Monday, August 18, 2014

Dine on the Bayou: The Little Big Cup

Nestled on Bayou Fuselier, The Little Big Cup reflects the culture of Arnaudville to the fullest. Known as a haven for artists and musicians from around the world, the charm of the city is felt from the moment you arrive.

Off the beaten path, everything about Fuselier Road is picturesque and reminds me of paintings by Larry "Kip" Hayes. Magnolia trees rivaling the size of oak trees decorated in Spanish Moss surround the area. A fiddle repair shop with a hand painted cypress sign sits across from a plantation style home.

Owners Kevin Robin and Sanjay Maharaj bring an eclectic blend of cultures to The Little Big Cup. Kevin, an Arnaudville native, spent 20 years in New York before returning home to work in his family's 5 generation run company: Russell's Food Center. Sanjay worked as a branch manager for Wells Fargo in New York before moving to Arnaudville. Thanks to his attention to detail and his management skills, The Little Big Cup runs like a well-oiled machine.

That attention to detail and customer service is not limited to the owners. Ms. Joycelyn, the Front of House Manager is constantly on the move. Be it seating guests, organizing wait staff or even just visiting tables to inquire about quality of your experience, her focus on the guests is one of the reasons you feel comfortable in the dining room. The wood floors, walls and ceilings bring you back in time where dining out was reserved for special events.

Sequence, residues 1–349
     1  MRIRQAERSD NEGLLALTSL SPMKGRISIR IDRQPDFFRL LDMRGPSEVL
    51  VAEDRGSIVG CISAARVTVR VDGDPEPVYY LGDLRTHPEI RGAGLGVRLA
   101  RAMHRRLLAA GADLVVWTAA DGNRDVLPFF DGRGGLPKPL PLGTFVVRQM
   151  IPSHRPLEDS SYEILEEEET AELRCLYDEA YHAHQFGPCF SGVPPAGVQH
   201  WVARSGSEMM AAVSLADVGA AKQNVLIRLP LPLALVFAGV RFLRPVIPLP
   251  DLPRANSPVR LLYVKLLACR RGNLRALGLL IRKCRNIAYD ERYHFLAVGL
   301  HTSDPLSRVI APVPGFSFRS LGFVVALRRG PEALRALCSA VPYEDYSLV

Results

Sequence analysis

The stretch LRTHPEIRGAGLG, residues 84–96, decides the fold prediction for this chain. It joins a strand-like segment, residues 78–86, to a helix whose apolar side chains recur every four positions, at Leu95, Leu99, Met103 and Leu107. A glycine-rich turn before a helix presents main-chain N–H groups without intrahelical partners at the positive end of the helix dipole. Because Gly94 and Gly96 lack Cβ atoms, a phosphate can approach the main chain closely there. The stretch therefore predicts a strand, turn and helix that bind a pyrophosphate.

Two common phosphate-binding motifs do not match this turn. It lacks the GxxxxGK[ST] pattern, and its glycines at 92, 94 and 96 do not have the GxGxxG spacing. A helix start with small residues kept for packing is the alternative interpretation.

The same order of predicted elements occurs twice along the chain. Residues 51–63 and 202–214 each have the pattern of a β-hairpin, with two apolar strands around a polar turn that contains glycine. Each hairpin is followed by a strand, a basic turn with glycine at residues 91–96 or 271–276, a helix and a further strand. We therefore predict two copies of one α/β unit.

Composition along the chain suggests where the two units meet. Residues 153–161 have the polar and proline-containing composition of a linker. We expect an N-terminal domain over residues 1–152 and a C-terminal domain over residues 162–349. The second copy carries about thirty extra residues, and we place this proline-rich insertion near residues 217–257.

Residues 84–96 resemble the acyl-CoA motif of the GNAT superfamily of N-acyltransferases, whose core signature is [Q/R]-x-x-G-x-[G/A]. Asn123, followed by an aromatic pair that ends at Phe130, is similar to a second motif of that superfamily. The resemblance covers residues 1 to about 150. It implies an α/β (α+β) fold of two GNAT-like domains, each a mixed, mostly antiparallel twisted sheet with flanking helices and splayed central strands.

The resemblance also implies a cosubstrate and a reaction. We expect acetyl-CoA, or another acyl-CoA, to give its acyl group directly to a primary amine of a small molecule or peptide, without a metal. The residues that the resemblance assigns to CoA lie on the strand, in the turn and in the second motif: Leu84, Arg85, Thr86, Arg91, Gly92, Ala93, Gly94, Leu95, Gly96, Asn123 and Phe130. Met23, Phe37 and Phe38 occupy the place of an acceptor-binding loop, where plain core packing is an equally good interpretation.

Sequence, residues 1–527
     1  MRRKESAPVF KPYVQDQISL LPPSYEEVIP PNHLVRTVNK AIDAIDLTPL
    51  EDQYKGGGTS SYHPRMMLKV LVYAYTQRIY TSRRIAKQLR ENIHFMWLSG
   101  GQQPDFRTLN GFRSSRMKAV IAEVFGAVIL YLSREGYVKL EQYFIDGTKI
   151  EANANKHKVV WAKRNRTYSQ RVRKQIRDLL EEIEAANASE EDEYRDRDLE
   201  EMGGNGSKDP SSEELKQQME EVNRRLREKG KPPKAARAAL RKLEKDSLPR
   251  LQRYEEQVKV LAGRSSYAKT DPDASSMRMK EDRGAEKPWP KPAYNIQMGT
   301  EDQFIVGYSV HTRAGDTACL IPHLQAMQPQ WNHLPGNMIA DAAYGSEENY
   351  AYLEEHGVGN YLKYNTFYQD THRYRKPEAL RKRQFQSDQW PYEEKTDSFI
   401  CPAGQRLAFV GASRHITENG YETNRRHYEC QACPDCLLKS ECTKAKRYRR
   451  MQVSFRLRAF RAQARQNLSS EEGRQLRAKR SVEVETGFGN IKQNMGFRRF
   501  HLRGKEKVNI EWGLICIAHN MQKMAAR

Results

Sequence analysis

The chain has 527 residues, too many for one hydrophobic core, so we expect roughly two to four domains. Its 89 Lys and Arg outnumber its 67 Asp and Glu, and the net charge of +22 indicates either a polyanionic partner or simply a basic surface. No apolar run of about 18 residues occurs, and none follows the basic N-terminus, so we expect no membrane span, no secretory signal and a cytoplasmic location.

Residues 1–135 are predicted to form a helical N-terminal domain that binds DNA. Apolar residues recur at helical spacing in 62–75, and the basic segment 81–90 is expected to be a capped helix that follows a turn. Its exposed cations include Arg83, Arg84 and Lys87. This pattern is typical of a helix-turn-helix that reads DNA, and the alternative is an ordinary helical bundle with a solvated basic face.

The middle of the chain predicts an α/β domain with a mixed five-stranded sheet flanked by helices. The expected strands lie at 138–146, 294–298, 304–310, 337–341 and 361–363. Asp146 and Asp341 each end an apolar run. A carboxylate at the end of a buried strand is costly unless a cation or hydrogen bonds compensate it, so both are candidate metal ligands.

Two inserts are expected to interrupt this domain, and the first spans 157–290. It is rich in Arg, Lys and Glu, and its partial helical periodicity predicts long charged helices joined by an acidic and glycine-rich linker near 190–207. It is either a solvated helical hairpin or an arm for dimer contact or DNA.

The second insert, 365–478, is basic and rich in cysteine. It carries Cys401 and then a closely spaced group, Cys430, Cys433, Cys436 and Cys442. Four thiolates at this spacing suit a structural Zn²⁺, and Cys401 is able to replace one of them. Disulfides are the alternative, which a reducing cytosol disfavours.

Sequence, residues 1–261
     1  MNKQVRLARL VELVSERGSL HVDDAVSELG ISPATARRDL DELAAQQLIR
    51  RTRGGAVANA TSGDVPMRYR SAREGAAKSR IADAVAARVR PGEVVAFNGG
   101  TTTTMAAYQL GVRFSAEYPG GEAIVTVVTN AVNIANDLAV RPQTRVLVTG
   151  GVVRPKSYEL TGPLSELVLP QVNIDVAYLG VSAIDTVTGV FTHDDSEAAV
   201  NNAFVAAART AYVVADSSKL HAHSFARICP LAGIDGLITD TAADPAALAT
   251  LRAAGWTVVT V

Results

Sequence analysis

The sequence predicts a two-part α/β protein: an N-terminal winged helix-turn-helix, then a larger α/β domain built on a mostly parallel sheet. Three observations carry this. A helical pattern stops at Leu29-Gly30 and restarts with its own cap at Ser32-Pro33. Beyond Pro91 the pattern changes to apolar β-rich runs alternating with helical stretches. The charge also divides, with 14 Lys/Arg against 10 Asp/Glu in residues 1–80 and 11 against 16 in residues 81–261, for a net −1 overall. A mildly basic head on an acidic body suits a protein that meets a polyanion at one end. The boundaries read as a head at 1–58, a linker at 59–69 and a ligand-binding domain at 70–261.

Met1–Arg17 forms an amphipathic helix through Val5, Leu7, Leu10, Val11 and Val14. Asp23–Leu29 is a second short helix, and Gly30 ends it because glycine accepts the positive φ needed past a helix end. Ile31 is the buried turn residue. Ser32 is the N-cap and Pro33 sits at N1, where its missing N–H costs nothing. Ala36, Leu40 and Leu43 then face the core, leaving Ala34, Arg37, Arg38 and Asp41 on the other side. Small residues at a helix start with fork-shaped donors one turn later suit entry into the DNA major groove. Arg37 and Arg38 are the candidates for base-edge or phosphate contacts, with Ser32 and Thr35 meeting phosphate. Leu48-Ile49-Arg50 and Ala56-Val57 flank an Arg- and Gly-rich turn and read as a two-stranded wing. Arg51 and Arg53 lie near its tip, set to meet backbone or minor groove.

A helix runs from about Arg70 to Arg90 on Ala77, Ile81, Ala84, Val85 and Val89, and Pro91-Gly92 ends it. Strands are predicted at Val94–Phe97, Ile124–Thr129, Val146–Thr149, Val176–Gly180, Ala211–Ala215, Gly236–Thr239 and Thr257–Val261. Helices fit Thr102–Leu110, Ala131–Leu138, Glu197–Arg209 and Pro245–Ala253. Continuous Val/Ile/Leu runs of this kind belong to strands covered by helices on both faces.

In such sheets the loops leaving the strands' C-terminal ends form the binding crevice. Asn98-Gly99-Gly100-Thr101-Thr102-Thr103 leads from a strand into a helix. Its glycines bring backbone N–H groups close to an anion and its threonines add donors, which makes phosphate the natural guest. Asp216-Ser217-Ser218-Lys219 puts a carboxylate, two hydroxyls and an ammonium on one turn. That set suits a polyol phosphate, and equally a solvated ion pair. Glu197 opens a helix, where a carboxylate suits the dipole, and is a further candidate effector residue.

The large family style tables in the center of the restaurant are arranged beneath chandeliers while ceiling fans are quietly whirring above you. It's easy to lose yourself in the atmosphere and get transported to a time when men wore Seersucker suits and women white gloves and hats while out on the town. Servers eagerly move out of your way while you are walking the floors of the restaurant giving the diner the right of way at all times. Our waitress, Cricket Frederick, has been there since the doors opened in 2012 and wears many hats we found out as our night progressed.

Along with a full dinner menu and Chef specials, The Little Big Cup offers a Surf and Turf Buffet on Friday and Saturday evenings from 5:30p-8:30p.

With the number of dishes offered on the menu and specials created daily by Chef Dean Mitchell, you'd be tempted to forego the buffet and order off the menu. But, be assured, this rustic yet refined buffet is like none you've ever experienced.

Pasta, soup, salads, multiple preparations of fish, prime rib sliced to order, and a fajita station are only a portion of what is available on the extensive buffet.

While we were deciding on our dinner selections, Chef Dean sent out a sampler for us to try. The plate consisted of The Cajun Kevin, the soft shell crab special, and the Louisiana Blue Point crab cake atop fried eggplant.

The Cajun Kevin is a twist on a standard poboy. Staying true to Louisiana roots, and Evangeline Maid poboy bun is toasted and cut into thirds. Each section, after it is hollowed out, is then stuffed with sauteed shrimp, crawfish and lump crab all of which are served in a light sauce similar to au gratin. The lump crab in our Cajun Kevin was sweet and tender and was pouring out of the hollow bread. The seasoning of the entire sandwich was extraordinary and the toasted bun gave the perfect amount of texture.